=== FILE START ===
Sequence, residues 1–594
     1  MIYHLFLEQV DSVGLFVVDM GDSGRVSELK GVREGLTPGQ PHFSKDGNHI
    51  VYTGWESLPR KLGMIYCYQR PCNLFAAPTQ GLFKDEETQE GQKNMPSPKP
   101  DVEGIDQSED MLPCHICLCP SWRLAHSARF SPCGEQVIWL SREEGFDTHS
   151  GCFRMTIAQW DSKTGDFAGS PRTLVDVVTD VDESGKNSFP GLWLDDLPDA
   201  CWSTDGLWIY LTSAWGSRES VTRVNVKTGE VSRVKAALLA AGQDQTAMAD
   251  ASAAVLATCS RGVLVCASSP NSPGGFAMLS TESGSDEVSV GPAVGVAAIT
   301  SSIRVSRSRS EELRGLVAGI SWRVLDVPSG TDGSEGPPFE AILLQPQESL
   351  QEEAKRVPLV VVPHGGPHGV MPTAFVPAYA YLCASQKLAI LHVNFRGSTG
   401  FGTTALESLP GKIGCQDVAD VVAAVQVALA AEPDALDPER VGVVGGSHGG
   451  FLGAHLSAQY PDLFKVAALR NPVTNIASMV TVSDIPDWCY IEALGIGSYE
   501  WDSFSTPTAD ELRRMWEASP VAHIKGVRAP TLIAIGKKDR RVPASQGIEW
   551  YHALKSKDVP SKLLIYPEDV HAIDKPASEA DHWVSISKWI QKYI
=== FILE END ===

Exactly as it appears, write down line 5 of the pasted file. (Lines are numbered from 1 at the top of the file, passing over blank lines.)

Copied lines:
   151  GCFRMTIAQW DSKTGDFAGS PRTLVDVVTD VDESGKNSFP GLWLDDLPDA